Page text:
It’s kind of a funny thing to say about someone who radiated wholesomeness with every breath he took, but Fred Rogers was, beneath the smiles and cardigans and softly delivered affirmations, a pretty radical figure of American pop culture. On and off for thirty-years, the one-time Presbyterian minister used his platform to promote values all but absent from the landscape of television and public discourse: compassion, patience, emotional honesty, a commitment to never talking down to children or minimizing their feelings. That made him more than just a force of genuine cultural good. It made him, in his own gentle way, countercultural. Of course, Rogers’ generous and touching worldview looks even more abnormal from the viewpoint of our present time, which may account for the second cultural life it’s been enjoying through memes and hit documentaries.
Undoubtedly green-lit to capitalize on the revival of fandom, Marielle Heller’s A Beautiful Day in the Neighborhood is technically set in the late ’90s, a few years before Roger’s retired and even a few more before he died of cancer. Yet in a more indirect sense, it’s very much about the collision of the late entertainer’s philosophy with the combative raging spirit of our present. Not surprisingly, the film plays like a celebration of Rogers’ kindness as a balm for the unkind age; that it never drifts fully into gushy worship is thanks to Heller’s attempts to find a few cracks in her subjects saintliness.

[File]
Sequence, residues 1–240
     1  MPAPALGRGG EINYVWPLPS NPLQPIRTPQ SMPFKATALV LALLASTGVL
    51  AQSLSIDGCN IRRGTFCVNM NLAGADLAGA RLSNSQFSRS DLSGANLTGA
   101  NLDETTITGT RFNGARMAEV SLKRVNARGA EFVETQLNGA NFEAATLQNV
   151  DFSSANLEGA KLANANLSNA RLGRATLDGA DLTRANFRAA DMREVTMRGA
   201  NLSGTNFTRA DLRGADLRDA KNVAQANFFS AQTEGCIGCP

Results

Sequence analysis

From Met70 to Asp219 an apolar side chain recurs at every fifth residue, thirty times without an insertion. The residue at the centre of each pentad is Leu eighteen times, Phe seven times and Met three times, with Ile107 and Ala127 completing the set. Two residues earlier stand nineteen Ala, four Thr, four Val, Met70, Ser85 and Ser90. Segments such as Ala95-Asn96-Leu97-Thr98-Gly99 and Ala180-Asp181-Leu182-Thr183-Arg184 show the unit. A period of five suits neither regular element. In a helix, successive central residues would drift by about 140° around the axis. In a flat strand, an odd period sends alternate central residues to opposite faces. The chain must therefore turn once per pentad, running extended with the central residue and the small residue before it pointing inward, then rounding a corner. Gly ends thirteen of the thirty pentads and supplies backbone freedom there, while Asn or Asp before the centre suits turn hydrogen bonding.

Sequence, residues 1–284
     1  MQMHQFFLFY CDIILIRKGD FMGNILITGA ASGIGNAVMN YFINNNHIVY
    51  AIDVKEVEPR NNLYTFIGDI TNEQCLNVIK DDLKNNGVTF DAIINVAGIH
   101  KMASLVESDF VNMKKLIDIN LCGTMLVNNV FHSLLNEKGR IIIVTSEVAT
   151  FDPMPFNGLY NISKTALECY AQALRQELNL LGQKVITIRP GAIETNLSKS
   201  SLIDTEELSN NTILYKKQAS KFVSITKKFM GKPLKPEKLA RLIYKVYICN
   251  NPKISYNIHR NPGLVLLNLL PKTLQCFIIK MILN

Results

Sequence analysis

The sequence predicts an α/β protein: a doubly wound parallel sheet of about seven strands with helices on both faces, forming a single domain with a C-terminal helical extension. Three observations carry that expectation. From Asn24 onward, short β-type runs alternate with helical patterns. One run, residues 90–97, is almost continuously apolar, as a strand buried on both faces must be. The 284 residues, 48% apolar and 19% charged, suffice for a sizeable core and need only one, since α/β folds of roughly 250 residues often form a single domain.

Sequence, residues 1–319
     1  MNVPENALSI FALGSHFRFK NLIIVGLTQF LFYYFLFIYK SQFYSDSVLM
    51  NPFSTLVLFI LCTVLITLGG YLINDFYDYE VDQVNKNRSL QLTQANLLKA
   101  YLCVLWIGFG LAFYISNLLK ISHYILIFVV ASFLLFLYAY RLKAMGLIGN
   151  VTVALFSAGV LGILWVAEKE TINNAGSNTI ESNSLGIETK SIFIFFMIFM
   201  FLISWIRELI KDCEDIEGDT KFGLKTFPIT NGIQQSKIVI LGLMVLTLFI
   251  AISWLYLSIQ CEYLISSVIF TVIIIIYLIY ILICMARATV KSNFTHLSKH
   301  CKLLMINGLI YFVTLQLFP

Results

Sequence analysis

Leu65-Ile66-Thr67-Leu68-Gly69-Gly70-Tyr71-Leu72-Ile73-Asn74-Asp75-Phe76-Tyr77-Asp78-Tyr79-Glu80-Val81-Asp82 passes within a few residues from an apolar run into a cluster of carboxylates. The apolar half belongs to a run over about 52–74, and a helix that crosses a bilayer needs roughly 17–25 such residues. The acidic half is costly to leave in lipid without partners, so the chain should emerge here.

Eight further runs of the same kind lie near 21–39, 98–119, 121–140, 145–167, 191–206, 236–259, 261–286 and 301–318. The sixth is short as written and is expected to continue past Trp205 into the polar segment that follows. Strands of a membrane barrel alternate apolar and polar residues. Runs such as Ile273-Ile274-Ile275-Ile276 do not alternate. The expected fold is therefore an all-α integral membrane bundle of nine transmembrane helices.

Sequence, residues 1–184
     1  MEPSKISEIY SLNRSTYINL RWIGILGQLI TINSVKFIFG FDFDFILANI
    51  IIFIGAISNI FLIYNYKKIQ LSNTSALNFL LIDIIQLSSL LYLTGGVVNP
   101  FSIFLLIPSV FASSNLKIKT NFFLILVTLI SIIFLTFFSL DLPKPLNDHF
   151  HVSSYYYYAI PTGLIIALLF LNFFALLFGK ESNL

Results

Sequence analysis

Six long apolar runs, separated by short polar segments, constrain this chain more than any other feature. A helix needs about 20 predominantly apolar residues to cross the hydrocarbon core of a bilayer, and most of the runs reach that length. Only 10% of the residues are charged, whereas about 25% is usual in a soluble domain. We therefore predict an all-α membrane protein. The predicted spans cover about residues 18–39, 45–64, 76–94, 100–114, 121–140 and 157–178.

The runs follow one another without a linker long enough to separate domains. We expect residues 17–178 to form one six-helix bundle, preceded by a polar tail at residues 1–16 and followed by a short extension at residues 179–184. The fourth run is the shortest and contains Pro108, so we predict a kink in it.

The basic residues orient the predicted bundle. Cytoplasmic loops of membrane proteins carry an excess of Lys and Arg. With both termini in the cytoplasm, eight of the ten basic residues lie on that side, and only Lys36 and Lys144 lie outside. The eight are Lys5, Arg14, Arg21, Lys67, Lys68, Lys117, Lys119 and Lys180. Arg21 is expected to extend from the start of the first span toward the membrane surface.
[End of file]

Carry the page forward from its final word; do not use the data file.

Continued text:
Thankfully, this isn’t a biopic. (Why would we even need one after Morgan Neville’s documentary, Won’t You Be My Neighbor?, laid it out last year?) In fact, Rogers isn’t even the main character of this movie, which instead treats him more like a kind of fairy godfather figure, floating into the narrative to impart some desperately needed emotional wisdom. Written by Micah Fitzerman-Blue and Noah Harpster, A Beautiful Day in the Neighborhood instead adapts the perspective of Lloyd Vogel (a steady, nuanced Matthew Rhys), a man on the verge of several crises at once. A new father and acclaimed Esquire magazine reporter, Lloyd’s been assigned, much to his annoyance, to write a profile on Rogers (Lloyd is based on writer Tom Junod, who caught the same assignment for Esquire back in 1998). Meanwhile, his wife (Susan Kelechi Watson) has started to lose patience with Lloyd’s simmering neuroses, including his lingering resentment for his deadbeat dad (an appropriately pathetic Chris Cooper). When the old man turns up at the wedding party for Lloyd’s sister, the son can’t help relitigate his father’s decision to abandon their mother on her death bed, and their showdown ends in blows.